Singapore — Worsening ice conditions at China's northern ports could disrupt shipping activity and cargo deliveries, at a time when the region is experiencing fuel shortages due to record low temperatures.
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"Owing to the recent low temperature in Northern China since the end of December 2020, the ice condition in Bohai and Huanghai sea area has been developing quickly," Oasis P&I Club said in a notification dated Jan. 8.
"According to the current forecast, in the following week (of Jan. 11), the ice condition will further develop, and the floating ice will reach 50 miles in Liaodong Bay, 10-15 miles in Bohai Bay and Laizhou Bay, and 10-20 miles in north Huanghai Sea," the notification said.
Oasis P&I said the northern Chinese ports such as Yingkou, Jinzhou, Huludao, Dandong, Qinhuangdao, Tangshan, Weifang and Dongying are subject to the ice conditions and vessels planning to call at these ports should follow precautions.
These precautions include draining the water in the deck piping system before the ship arrives to avoid cracking of the pipes, maintain safe speed when navigating in the ice area to minimize damage to the hull and checking for ice on anchor chains.
London P&I Club said its "members calling at ports in North China and any other ports that may be affected by ice should carry out appropriate risk assessment, including liaising with local agents, to ensure care of cargo and safety of the vessel."
"Suitable ice clauses should be included in the charter party wherever there is a possibility that a vessel may be directed to a port that may be ice-bound," it added.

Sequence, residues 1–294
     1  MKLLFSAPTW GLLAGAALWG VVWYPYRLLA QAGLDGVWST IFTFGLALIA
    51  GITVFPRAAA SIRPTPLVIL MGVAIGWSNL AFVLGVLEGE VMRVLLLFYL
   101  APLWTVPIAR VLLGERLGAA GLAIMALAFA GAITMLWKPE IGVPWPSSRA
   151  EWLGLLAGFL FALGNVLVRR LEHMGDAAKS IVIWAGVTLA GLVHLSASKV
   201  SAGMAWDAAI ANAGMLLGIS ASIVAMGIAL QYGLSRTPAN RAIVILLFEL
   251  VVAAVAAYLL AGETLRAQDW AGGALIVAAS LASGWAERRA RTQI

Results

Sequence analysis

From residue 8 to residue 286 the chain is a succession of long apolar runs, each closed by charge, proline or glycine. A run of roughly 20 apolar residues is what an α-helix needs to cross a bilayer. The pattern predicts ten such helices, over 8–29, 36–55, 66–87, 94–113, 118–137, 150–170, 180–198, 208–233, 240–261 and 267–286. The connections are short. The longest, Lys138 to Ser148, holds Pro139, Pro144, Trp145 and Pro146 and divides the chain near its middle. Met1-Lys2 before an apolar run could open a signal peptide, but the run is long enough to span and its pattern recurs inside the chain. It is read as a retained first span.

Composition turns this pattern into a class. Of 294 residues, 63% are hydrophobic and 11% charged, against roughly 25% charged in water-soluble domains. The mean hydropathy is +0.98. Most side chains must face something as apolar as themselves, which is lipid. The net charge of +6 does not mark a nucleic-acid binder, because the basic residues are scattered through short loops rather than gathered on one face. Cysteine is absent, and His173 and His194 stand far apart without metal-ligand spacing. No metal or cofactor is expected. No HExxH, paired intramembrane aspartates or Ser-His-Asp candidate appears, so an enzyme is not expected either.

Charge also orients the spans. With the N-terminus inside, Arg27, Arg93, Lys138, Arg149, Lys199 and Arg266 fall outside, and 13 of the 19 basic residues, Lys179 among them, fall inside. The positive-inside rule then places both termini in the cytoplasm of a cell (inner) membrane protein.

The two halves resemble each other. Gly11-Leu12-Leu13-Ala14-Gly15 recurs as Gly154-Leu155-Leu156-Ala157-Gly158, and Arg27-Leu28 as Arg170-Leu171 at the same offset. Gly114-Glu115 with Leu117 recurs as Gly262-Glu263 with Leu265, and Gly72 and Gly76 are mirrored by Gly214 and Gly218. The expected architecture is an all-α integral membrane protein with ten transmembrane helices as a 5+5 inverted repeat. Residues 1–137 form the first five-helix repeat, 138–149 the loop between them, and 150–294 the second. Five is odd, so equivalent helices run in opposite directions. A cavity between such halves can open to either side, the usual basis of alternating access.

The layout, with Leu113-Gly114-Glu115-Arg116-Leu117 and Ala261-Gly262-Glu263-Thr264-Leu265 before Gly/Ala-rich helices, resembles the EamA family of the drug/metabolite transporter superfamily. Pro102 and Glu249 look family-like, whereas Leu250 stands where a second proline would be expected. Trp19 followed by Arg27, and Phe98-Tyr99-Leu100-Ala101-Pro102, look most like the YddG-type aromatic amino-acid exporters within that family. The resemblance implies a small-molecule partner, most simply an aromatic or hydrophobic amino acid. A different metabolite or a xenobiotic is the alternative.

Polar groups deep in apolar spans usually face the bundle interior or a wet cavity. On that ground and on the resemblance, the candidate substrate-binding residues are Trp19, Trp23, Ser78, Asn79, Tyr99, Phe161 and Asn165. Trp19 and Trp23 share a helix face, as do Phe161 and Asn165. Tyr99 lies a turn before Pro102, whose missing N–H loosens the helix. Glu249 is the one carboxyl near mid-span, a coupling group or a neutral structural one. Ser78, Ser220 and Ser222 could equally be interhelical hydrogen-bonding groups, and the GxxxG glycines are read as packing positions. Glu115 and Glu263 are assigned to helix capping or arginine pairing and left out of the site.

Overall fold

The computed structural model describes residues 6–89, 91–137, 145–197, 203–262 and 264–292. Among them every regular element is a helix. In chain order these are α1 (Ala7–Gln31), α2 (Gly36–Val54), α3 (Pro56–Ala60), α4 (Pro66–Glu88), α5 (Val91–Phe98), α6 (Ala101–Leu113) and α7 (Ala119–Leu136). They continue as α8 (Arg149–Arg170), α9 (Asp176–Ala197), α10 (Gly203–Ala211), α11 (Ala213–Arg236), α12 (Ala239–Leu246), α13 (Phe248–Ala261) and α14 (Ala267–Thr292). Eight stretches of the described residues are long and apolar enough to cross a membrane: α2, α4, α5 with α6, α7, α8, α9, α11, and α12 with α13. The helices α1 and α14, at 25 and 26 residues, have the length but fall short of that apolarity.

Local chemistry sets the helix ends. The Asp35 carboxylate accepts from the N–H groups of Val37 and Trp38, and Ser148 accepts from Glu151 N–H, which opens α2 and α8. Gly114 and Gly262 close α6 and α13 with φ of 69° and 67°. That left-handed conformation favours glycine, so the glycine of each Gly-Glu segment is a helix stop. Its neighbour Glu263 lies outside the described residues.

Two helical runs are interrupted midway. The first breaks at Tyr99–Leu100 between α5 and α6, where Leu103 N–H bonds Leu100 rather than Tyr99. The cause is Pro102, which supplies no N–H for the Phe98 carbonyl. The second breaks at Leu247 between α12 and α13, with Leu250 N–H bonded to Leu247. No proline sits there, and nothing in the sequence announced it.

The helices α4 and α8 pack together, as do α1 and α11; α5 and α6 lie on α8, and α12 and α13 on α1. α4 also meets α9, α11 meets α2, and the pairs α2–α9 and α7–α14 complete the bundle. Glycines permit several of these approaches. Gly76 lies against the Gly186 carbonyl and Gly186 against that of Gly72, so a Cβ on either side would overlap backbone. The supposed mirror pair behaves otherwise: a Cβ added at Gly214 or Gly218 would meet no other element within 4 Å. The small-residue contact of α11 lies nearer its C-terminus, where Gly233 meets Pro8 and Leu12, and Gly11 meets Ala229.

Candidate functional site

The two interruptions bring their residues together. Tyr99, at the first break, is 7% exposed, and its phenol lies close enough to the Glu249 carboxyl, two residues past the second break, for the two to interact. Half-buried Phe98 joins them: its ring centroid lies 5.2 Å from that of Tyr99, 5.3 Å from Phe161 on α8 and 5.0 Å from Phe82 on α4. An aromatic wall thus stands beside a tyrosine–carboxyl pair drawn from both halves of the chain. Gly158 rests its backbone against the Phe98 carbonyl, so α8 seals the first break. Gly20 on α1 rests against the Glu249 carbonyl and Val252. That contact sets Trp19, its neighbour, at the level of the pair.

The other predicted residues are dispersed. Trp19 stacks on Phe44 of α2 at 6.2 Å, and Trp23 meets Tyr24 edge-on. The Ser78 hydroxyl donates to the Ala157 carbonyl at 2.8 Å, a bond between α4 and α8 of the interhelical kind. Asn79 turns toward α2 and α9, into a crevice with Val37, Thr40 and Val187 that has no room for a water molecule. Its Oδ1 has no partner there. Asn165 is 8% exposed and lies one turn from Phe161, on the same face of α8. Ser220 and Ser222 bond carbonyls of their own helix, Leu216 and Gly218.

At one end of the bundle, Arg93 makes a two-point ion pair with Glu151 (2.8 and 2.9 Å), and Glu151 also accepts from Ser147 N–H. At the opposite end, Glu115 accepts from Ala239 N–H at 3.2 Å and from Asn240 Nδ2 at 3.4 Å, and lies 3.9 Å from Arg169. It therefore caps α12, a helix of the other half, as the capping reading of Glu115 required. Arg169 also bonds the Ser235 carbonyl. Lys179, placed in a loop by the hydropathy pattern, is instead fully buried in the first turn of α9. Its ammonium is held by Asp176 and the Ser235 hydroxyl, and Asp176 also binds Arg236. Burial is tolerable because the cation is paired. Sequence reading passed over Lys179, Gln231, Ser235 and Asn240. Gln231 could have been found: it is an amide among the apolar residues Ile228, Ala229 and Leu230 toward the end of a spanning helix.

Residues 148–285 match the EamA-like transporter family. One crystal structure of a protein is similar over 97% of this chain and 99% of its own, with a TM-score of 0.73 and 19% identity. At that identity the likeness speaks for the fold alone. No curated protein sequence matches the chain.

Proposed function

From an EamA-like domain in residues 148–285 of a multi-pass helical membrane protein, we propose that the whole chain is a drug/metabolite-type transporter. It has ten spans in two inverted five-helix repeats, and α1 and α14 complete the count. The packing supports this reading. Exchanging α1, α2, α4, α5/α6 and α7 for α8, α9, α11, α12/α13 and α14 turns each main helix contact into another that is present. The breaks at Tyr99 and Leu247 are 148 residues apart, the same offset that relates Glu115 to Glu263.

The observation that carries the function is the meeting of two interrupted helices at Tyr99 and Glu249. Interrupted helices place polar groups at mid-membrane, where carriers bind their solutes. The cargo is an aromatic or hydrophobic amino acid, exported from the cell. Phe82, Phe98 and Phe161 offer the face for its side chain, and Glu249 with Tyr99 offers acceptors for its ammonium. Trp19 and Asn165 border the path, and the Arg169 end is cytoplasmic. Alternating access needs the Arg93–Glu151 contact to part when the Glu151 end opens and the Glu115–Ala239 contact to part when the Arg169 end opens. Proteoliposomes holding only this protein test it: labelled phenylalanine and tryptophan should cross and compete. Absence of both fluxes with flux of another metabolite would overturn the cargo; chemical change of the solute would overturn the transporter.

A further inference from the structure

In early January, LNG traders had attributed gas shortages in northern China and Japan to brief delays in ship arrivals as the vessels braved winter conditions. Loading delays were also reported for coal shipments in Russia.
At the start of the week, LNG shipping rates had spiked to record highs, with the Asia Pacific day rate at around $175,000/day and the Atlantics day rates hitting $300,000/day, up from less than $30,000/day in the summer of 2020.
"Cold weather, especially in China, is the key driver and this is being heightened by ongoing Panama Canal delays. The Panama Canal is experiencing significant congestion during the busiest part of the year, and this is leading to waiting periods for LNG carriers of 7-10 days or more," independent shipbroker Simpson Spence Young said in its 2021 outlook.
"The market will more than likely slide during March at the latest, when there is a significant amount of LNG new buildings that are delivering at the back-end of the first quarter," SSY said.
"New buildings will continue to deliver throughout Q2 and Q3, and ships also come off time charter during this period," it said, adding that overall the market projections are very bearish for Q2 and Q3 2021.